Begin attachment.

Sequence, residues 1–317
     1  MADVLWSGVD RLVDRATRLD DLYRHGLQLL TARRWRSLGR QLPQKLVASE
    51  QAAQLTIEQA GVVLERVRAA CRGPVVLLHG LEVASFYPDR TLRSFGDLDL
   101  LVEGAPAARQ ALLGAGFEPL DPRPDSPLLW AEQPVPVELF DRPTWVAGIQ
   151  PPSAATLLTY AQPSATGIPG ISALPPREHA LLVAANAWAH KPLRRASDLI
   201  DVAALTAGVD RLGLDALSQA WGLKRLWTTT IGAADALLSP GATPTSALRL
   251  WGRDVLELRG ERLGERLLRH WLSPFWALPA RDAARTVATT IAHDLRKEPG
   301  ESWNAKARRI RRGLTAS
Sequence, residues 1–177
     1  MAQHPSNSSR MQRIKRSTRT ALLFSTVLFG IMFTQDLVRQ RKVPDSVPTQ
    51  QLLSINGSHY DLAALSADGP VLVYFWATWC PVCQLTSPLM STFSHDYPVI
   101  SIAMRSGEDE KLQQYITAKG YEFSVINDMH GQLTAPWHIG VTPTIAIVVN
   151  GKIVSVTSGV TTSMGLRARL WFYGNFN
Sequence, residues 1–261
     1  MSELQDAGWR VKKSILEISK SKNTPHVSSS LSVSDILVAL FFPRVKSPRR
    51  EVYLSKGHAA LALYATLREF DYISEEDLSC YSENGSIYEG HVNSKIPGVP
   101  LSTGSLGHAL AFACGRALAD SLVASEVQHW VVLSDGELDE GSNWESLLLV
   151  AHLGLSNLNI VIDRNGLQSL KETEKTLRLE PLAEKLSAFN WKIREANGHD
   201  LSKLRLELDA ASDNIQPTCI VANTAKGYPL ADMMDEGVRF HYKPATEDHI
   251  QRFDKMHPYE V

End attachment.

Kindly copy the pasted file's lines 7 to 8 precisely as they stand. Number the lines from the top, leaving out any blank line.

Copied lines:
   251  WGRDVLELRG ERLGERLLRH WLSPFWALPA RDAARTVATT IAHDLRKEPG
   301  ESWNAKARRI RRGLTAS